(Speaking of burgers) Insanely huge buffalo and elk burgers from Helen’s Corral Drive-in in Gardiner, home of Helen’s Hateful Burger. Elk is quite gamey, but really good. It’s the kind of meat that you take a bite of and your brain just goes, “Okay, I just ate caveman food.” My buffalo bacon cheeseburger is on the right:

I ate the whole damn thing.

Oh, and deviled eggs. I challenged my sister Maria, who has worked as a professional cook in the past, to a Deviled Egg Throwdown (with apologies to Mr. Flay), and she good-naturedly accepted. With my niece acting as scorekeeper and the rest of the family (except those allergic to eggs), Maria and I each made 10 deviled eggs.

I kicked her ass.

After a slow start, I pulled ahead and won, 7 and a half to 3 and a half votes. (Somebody wussed out on the voting.) To Maria’s immense credit, she was an incredibly gracious loser, and even admitted that my egg was better.

It’s all about the mustard, people. That’s all I’ll say.

Suffice it to say, by the time we got back to Seattle, I was really hankering for salad. Fortunately, Sarah knows a great pizza place that serves up a really fantastic salad of bitter greens, chick peas, tomatoes, cheese, and wonderful tarragon dressing. My system was very happy about that.

Back in my little apartment in DC, finally, I was that curious mix of relieved and sad to be home—relieved to sleep in my own bed, but sad because I didn’t have a great dinner to look forward to, and I didn’t have my family.

But I have my DC family here, and they like to eat.

Tuesday, August 4, 2009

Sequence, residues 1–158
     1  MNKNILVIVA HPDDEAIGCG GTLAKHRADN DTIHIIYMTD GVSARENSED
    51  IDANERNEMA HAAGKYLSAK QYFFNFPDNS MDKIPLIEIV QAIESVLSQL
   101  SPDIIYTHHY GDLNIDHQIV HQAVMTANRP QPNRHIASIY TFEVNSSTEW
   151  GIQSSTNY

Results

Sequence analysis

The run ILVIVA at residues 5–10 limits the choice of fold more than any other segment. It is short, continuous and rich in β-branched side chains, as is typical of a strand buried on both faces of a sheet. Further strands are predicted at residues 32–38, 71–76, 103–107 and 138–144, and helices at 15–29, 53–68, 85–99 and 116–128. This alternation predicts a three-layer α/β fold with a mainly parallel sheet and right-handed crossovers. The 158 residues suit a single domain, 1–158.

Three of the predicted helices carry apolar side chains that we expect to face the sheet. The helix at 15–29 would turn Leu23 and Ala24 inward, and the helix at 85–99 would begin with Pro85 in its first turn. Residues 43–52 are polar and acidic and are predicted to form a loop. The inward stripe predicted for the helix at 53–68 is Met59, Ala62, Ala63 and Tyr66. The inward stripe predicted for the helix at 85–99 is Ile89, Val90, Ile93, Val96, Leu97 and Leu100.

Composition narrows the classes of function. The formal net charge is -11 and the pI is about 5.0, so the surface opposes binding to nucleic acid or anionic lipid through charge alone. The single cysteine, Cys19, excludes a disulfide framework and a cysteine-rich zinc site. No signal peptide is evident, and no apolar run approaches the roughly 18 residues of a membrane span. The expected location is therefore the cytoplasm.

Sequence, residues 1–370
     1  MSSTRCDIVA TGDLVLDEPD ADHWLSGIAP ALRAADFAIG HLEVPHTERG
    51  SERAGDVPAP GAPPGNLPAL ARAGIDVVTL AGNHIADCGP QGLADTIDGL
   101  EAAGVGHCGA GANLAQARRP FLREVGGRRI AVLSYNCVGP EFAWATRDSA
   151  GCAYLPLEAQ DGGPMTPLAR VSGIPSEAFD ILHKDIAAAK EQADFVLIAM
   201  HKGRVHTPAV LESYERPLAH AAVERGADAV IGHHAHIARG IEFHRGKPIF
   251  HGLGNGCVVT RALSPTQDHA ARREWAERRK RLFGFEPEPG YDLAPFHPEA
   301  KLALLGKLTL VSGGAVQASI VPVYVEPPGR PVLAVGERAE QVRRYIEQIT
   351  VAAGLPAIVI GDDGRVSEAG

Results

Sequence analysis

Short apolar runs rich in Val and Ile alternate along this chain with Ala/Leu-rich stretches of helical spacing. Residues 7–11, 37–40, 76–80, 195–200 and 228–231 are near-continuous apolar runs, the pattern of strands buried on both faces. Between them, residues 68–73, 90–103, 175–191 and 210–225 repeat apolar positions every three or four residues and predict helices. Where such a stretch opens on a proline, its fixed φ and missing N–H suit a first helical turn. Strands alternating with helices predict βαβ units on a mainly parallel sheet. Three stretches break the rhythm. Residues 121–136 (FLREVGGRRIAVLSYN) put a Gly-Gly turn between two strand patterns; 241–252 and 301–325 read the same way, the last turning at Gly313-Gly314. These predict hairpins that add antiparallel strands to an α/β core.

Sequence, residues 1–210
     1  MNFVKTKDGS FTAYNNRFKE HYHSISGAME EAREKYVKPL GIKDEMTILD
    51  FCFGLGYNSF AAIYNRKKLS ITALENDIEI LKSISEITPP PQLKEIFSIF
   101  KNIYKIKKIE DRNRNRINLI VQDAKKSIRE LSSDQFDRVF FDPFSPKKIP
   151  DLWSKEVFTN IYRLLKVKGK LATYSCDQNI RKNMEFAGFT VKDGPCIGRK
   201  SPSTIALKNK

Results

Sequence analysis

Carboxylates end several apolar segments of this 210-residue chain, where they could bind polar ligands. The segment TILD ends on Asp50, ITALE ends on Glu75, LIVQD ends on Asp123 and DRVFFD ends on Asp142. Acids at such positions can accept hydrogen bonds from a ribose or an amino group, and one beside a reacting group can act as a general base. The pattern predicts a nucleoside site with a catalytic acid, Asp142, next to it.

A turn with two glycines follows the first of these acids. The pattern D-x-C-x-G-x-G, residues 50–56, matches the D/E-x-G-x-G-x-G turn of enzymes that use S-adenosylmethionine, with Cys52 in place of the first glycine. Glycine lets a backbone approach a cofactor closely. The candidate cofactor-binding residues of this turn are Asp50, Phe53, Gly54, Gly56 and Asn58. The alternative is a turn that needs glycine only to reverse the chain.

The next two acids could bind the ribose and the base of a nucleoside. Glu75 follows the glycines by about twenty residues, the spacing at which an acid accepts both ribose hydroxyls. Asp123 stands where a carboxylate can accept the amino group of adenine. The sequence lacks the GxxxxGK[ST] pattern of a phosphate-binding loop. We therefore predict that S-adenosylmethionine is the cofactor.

A Few Musings on Travel Food

Just got back from a trip to Montana, bookended by a couple of days in Seattle. I'll post a more comprehensive account of the actual vacation/meatfest later, but for now, a couple of ponderings on sustenance while traveling:

Why does airplane coffee smell so good, but taste like hot ass?

A full pack of Twizzlers will make your whole bag end up smelling like strawberry by the end of your flight, regardless of whether the pack is open or not.

All food items on airplanes/in airports appear to cost $7. Snack box on the plane? $7. Starbucks chicken ciabatta? $7. Bag of mixed nuts and bottle of water? $7. I know that the number 7 is supposed to have some kind of magical qualities or something, but don't you think that's just weird?

People in first class still get fed on planes. I know this because they separate the fancy folks from the proletariat with a sheer curtain. Way to make a person feel like a serf.

Big props to Horizon Air for not charging for beer on the flights to and from Bozeman, and for promoting local Pacific Northwest microbrews!

Whoever said Dunkin' Donuts coffee is awesome is a dirty liar.

Thursday, July 23, 2009

Just Try It

I’m usually pretty good about trying out unfamiliar foods. I think it’s my duty as a citizen of the world. I also figure my friends have pretty good taste, so if they like it, it’s a good bet that I will, too.

But not always. Sometimes it’s a texture thing, sometimes it’s a taste bud thing. I can’t help it, but it disappoints me in my equal-opportunity, food-loving soul.

A couple of anecdotes to illustrate.

"What just happened?"